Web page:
## Where does pi R squared come from?

Math textbooks often present formulas, even extremely important ones, without proof or justification. That’s probably fine for the student with average interest and ability, but it is often a disservice to students who really want to understand the subject. My preference would be that the books have derivations in a sidebar, with the understanding that students will not be tested on that material, but it will be there for those students who want to understand the material on a deeper level.

An example of such a formula is the one for the area of a circle: . The formula was derived by Archimedes over 2,000 years ago; it is certainly one of the most useful results in mathematics. In spite of its fundamental importance, several high school math books that I have checked didn’t attempt to show where it comes from. In this post I will explain one way that the formula can be derived, and in other posts I will explain a number of other important formulas.

First, imagine that we divide the circle into equal-sized triangles as show below.

We can approximate the circle’s area by just computing the area of all the triangles. If there are *n* triangles, then \(\mbox{circle area }\approx n\cdot\frac{1}{2}bh \)

Now imagine we begin increasing the number of triangles. Two things will happen:

- The area approximation will become closer and closer to the real value
- The altitude h of each triangle will become arbitrarily close to R, the circles radius.

So

\[\mbox{circle area}\approx\:n\:\cdot\:\frac{1}{2}\,bR,\:or\:\frac{1}{2}\,R\:\cdot\:nb. \]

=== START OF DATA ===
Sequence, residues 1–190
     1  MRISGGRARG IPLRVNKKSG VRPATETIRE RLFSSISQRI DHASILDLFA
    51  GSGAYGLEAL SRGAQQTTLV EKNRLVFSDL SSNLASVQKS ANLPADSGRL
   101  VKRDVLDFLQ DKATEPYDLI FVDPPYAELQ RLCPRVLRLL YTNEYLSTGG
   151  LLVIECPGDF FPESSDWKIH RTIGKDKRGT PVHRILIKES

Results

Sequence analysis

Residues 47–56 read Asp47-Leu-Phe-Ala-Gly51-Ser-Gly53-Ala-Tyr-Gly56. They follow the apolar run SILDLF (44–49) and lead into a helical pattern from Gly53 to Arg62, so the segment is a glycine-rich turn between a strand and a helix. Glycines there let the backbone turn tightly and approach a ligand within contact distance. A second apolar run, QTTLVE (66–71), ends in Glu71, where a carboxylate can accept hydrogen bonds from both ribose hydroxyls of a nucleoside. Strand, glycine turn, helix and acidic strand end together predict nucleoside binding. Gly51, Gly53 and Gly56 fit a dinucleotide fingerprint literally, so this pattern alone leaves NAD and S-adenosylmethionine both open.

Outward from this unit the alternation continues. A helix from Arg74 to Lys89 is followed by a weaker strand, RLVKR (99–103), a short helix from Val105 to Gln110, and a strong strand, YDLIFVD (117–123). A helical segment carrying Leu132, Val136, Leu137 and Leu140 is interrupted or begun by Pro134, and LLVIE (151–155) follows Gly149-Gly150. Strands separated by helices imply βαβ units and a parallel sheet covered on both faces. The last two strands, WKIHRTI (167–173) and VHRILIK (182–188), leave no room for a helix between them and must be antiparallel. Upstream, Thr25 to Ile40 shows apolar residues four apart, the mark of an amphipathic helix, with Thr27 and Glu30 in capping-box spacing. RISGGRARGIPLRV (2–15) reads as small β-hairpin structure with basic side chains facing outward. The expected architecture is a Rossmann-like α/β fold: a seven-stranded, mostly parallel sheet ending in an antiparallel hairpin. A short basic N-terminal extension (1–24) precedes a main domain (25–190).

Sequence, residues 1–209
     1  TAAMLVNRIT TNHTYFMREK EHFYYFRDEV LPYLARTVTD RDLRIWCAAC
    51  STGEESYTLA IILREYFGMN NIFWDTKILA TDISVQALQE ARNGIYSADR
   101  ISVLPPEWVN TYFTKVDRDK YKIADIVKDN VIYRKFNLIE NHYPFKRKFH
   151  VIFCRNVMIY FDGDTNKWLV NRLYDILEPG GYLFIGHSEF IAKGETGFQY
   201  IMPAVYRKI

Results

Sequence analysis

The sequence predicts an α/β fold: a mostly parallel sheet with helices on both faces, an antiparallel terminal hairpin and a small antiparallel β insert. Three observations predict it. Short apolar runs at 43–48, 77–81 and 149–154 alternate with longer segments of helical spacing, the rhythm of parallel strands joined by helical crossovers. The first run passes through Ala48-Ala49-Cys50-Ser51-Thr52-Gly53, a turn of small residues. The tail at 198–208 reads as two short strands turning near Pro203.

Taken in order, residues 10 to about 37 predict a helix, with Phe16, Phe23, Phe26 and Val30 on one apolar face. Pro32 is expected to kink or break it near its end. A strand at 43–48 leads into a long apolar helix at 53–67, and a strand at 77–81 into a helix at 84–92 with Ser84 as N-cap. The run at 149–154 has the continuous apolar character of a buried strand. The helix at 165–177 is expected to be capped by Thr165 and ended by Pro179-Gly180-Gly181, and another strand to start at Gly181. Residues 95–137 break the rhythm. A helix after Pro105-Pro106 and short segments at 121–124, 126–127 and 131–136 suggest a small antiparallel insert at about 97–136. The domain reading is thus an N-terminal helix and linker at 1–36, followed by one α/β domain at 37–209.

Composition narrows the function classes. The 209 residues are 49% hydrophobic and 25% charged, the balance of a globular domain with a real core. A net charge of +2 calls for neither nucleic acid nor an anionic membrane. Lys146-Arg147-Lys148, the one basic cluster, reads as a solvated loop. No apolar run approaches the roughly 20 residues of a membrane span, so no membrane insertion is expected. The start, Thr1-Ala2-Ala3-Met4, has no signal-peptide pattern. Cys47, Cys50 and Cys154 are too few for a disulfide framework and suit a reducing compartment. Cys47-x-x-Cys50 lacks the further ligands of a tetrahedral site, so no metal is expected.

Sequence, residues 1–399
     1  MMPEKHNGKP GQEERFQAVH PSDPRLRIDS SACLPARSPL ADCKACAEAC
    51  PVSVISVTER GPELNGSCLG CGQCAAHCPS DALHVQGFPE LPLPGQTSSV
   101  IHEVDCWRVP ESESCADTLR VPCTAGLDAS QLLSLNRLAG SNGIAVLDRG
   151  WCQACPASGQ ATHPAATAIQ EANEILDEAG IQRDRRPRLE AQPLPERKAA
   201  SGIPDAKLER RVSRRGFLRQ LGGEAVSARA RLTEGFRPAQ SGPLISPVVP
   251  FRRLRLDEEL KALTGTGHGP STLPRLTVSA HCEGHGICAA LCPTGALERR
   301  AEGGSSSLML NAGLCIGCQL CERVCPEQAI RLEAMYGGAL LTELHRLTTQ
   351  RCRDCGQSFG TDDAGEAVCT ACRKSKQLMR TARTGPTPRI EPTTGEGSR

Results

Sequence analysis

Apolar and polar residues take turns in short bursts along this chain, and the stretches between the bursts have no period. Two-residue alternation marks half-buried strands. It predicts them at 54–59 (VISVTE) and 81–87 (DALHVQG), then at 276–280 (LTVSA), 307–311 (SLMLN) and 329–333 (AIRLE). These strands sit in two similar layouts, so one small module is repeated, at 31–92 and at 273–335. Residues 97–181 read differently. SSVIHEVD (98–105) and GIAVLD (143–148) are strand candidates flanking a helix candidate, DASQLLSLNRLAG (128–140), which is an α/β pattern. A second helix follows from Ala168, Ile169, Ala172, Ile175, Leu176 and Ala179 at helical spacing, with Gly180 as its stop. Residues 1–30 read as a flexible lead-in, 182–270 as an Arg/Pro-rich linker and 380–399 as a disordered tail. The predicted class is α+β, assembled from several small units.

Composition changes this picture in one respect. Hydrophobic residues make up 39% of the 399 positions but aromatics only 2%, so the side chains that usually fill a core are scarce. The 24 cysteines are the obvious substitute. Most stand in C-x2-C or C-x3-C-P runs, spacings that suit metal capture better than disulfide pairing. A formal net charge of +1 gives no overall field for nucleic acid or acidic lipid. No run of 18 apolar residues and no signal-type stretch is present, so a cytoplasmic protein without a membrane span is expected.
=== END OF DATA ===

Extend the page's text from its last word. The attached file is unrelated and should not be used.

Notice the product *nb* – for very large n, this become the same as the circumference of the circle, or \(2\pi R\)

If we replace *nb* in the above formula, we finally have,

\[\mbox{circle area}\approx\:\frac{1}{2}\,R\,\cdot\,2\pi\,R\:=\:\pi\,R^{2} \]

So, as n becomes infinite, the area actually *becomes* \(\pi R^{2} \)

Now, for those who have been exposed to only algebra and geometry, the type of reasoning used here may seem strange. We are taking an infinite number of triangles, each infinitely small, and coming up with a finite number – the exact area of the circle.

This is basically what the subject of integral calculus is about. Integral calculus provides very general and powerful methods for computing areas. And it’s not just about finding areas of geometric shapes – an amazing number of useful problems, if thought of the right way, are equivalent to the problem of finding an area.

Calculus was not invented until the late 1600’s, so Archimedes couldn’t use it in deriving the circle area formula. The method he actually used was roughly equivalent to the derivation used here.

January 10th, 2010 at 11:50 am

oh my god!!! this is such a lifesaver!!!! this is exactly what i need!!! thanks a lot for posting this!!! :D:D:D:D

May 1st, 2012 at 9:11 pm

Great Info really helped

June 7th, 2012 at 11:23 pm

Huh??? Too long and wordy. http://www.youtube.com/watch?v=whYqhpc6S6g This video is better in explaning!

June 21st, 2012 at 9:54 am

thank you it is very helpful.

you should show a couple of example of how to go form nb to 2?R.

June 21st, 2012 at 3:48 pm

What we are doing here is approximating the circle with a polygon having n sides. Each side of the polygon has a length of b, so its perimeter is nb. This is less than the circumference of the circle, but it becomes closer and closer as n is increased.

The circumference of the circle is exactly 2* pi * r, so nb is approaching this value for large n.

February 6th, 2013 at 7:55 pm

Excellent description….

April 2nd, 2013 at 1:40 am

Good! Very good indeed! A clear, concise, easy to follow explanation.

And I like the way you tie it to integral calculus. Keep up the good work.